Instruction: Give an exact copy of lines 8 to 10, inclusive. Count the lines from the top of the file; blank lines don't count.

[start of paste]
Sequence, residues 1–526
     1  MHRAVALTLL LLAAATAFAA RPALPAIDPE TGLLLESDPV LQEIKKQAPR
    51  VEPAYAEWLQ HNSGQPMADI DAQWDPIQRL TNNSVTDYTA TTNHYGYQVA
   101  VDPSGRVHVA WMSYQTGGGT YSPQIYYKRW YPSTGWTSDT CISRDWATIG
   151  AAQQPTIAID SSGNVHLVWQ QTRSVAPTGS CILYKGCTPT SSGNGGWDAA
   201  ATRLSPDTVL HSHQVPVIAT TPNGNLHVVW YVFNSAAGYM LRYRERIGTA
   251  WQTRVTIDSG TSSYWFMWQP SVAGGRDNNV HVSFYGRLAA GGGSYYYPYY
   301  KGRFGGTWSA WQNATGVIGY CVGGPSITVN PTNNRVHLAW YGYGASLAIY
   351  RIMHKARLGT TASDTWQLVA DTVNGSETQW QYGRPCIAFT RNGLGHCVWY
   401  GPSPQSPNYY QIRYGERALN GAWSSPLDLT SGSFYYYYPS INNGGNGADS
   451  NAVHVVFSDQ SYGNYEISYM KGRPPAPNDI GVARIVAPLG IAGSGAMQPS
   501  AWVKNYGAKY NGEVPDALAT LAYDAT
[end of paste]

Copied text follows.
   301  KGRFGGTWSA WQNATGVIGY CVGGPSITVN PTNNRVHLAW YGYGASLAIY
   351  RIMHKARLGT TASDTWQLVA DTVNGSETQW QYGRPCIAFT RNGLGHCVWY
   401  GPSPQSPNYY QIRYGERALN GAWSSPLDLT SGSFYYYYPS INNGGNGADS